Welcome to the continuation of my friend’s dementia diary. The diary records his experience as a carer who would not give up his duty to his mother whose life was permanently tainted the disease.
Dementia might have taken her memories, yet it did not take away her will to fight.
During my life I have seen the obviously strong succumb to illness and fade and I have witnessed such strength and determination, an inability to surrender, in the apparently frail.
The Human Spirit lives apart from how we judge ourselves or allow ourselves to be judged. It isn’t until the hour of our greatest challenge that we discover that we have such steel in that part of our Selves that we cannot reach.
The people who care for loved ones are remarkable – more remarkable when they are young children who care for parents to the obvious detriment of their own lives.
We are surrounded in our everyday lives by heroes and heroines. They walk among us, invisible. They do not wear any badge of courage other than the exhaustion in their eyes. People who know them admire their caring nature and loving commitment, yet not many believe that they should intervene.
Caring for an individual with a degenerative disease is exhausting and time-consuming. Such carers long for a different life for the loved on and for themselves. Indeed, long-term carers feel tremendous guilt for indulging such thoughts: it is feels like disloyalty in its most craven form.
It is not guilt that compels carers to perform their exhausting daily routines of care, it is Love – plain and simple.
How can you step away from someone you love and who has loved you? Of course, there will come a time when you will have to pass the care of a loved one to others, to professionals. Eventually a long-term carer must realise that the care needs are too great and that to continue to care alone is detrimental to the quality of life of the one cared for.
Many of us know the heartbreak, a real evisceration of the Heart and Soul, of walking away from the care home alone for the first time.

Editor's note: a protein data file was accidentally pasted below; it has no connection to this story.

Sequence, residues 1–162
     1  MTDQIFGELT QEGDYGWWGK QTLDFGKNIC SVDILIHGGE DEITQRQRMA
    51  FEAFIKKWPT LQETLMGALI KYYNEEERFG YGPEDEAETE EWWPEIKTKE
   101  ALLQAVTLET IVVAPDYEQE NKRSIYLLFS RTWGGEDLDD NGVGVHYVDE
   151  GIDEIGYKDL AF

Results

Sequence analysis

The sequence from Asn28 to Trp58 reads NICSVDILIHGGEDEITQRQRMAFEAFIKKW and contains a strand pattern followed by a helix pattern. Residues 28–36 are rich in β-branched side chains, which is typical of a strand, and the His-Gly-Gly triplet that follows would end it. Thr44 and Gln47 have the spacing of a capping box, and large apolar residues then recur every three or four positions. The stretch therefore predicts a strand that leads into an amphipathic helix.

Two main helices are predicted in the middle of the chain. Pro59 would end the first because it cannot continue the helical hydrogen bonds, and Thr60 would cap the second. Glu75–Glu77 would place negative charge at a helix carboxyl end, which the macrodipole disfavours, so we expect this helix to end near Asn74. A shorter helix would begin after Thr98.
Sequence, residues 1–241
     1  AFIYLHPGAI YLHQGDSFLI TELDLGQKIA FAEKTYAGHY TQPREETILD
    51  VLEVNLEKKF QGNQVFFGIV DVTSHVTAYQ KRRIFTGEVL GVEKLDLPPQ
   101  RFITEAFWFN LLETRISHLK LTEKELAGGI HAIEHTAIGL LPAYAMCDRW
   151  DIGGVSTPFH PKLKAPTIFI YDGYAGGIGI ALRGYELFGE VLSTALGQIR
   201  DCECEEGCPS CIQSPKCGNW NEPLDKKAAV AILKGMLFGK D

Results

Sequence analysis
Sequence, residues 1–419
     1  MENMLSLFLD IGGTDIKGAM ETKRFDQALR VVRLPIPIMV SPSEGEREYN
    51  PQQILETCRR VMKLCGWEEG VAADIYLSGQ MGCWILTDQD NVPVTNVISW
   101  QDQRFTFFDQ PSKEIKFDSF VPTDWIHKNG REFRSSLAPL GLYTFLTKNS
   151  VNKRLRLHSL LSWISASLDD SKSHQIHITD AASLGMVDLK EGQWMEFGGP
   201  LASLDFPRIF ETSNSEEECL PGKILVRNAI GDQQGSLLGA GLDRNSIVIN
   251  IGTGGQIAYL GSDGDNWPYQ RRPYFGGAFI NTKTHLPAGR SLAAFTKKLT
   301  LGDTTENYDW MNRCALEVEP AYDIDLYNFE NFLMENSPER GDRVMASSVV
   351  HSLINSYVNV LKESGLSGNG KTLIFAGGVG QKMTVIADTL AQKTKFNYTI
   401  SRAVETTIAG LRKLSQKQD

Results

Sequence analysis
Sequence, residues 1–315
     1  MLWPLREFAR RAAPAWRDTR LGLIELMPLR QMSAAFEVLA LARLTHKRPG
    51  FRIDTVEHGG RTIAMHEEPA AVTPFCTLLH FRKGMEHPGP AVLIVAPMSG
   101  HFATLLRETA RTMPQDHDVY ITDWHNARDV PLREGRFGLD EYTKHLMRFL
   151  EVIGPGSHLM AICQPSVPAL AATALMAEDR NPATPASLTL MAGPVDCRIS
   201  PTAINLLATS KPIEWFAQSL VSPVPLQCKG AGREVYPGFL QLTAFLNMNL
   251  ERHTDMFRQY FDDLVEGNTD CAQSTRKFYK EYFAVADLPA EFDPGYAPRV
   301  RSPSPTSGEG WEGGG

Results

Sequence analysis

My own thoughts are cursed to this very day of lying to my mother that I was taking her to a care home to recuperate for a few days. My mother had been in hospital for about five months by then and I was pretending to take her home… in a few days’ time.
All the time, I knew that I was taking her to stay there permanently because I could no longer cope. I have never more like a heartless bastard than when I lied to her and left her for the bonds between her and her sense of Home to be broken.
My mother longed for a familiarity that no longer existed as her memory faded. I could no longer cope.
If I could have given up my work to care for then I would have; however, this would not have been enough. It would have extended my mother’s suffering and it would have ultimately destroyed my own physical and psychological health.
I visited my mother more or less every day for two and a half years and as her health and mental state degenerated, I hated myself for my disloyal thoughts when I would stand at my father’s grave and begged him to come and fetch her home.
His diary speaks clearly of,
His advice to all of us is simple: You will know when you have found a good care home when you hear the sound of laughter within.
Your instincts will tell you when you have find a good place for the care of a loved on. A good care home is a place of Love and Laughter that mitigates the trauma.
Be ready to weep, laugh and hate rabbits as a matter of principle. Below are links to the continuing diary entries.
A Dementia Diary. Your instincts will tell you when you find a good care home for a loved one. It will be a place of Love and Laughter. Be ready to weep, laugh & really hate rabbits
A dementia carer must have a hinterland. When it comes to the facts about dementia treatment, then a carer must have an Elsewhere. I choose not to think of how Mam is when we’re not there. Dealing wit…
Dementia treatment is sparse and Caring is everything. Currently, when it comes to the facts about dementia treatment, then holding a person's hand and being a loving friend still remain the most impo…
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